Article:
Molière’s comic masterpiece centers on the character of the French courtier Alceste and the beautiful young widow Célimène he hopes to marry. But the two have radically different personalities: Alceste is a snob who insists on telling everyone the truth as he sees it, and Célimène’s instinct is to tell people - and particularly attractive men - only what they are dying to hear. So Célimène flirts and gossips with the courtiers who come to her house while Alceste fumes in jealousy. A virtual menagerie of other characters seek to intervene, either to bring the lovers together or pull them further apart. These include the pompous poet Oronte, the prudish dowager Arsinoé, and the quarreling fops Acaste and Clitandre. There's also the sweet Éliante, the loyal Philinte, and the brazen comic servants Basque and Du Bois. Molière’s genius is seen on every page of the play, particularly in his always-engaging delineation of the thousand and one games, tricks, feints, parries, and surprises that jealous lovers and witty sophisticates exchange in a single day’s battle of the sexes. With its fast pace, exquisite rhymes and beautifully detailed characters, this play (and translation) draws every possible laugh - and not a few pearls of wisdom - from the universal foibles of human life. Full evening.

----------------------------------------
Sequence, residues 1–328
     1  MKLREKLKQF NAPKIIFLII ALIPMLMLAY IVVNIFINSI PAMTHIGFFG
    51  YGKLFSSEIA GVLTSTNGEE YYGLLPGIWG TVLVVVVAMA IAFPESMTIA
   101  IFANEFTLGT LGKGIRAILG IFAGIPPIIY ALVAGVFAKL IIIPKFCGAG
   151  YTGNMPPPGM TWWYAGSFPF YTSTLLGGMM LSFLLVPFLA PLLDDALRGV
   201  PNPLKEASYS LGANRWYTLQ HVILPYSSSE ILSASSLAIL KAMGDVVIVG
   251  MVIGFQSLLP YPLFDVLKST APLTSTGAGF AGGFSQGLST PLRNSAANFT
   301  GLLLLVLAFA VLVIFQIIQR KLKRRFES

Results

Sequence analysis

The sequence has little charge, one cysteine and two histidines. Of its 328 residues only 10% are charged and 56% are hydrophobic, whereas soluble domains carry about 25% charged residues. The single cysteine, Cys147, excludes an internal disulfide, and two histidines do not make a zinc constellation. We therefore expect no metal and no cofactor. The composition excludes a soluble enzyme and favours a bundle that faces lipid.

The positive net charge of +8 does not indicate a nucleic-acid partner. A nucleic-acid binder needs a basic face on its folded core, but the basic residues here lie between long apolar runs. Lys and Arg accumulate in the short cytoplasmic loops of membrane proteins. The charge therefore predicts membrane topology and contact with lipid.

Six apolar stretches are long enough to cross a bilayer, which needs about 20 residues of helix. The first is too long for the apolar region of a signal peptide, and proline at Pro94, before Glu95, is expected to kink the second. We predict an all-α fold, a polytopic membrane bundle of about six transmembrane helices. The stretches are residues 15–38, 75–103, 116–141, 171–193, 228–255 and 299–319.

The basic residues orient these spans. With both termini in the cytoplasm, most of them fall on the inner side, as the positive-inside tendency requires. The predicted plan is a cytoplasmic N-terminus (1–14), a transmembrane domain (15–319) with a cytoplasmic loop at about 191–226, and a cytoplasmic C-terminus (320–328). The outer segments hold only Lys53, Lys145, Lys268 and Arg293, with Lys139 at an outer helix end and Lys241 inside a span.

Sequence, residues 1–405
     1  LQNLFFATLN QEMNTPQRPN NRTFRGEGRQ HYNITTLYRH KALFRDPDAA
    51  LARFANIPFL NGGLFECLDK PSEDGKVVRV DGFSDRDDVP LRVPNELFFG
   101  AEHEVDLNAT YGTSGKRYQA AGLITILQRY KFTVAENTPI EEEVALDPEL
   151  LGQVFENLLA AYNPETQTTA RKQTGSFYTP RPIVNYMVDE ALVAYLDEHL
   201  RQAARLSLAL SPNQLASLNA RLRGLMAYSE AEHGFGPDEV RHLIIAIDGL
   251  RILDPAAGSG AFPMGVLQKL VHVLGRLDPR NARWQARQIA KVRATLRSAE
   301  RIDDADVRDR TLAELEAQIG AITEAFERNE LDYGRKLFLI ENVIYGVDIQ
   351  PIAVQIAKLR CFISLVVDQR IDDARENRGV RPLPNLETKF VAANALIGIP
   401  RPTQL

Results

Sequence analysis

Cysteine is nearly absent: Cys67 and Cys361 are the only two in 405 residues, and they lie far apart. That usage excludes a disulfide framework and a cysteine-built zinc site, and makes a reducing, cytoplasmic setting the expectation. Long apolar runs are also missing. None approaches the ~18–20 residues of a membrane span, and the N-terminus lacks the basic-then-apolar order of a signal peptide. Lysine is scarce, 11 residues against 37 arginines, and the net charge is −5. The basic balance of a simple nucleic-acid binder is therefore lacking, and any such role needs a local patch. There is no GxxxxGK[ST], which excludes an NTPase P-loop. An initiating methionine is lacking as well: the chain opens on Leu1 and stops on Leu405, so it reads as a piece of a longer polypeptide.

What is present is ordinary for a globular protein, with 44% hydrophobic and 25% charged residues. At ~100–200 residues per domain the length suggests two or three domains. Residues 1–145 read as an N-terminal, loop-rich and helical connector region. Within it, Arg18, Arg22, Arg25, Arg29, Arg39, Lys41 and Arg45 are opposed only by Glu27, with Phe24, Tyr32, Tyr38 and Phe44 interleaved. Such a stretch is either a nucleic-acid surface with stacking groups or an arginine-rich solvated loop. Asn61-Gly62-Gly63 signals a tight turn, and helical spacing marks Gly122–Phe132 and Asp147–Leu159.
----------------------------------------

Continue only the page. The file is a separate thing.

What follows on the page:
Robert Cohen's version of "The Misanthrope" premiered on the University of California, Irvine campus in 1997, where the script received an excellent review from the Los Angeles Times. Titled “Likeable ‘Misanthrope’ Said Another Way," the longtime Times reviewer (Jan Herman) began: "The highly entertaining translation brings refreshing pungency to a lunatic production. UC Irvine drama professor Robert Cohen has directed a refreshing, lunatic production of the play with UCI graduate students, using his own highly-entertaining translation. It is proof, among other things, that there is room for another equally fluent, stage-worthy version of Moliere's rhymed couplets, but one with a 1990s flavor full of colloquial yet literate pungency.” At the conclusion of the review he compared this translation favorably with the 1955 one by Richard Wilbur, concluding "I'll go with Cohen."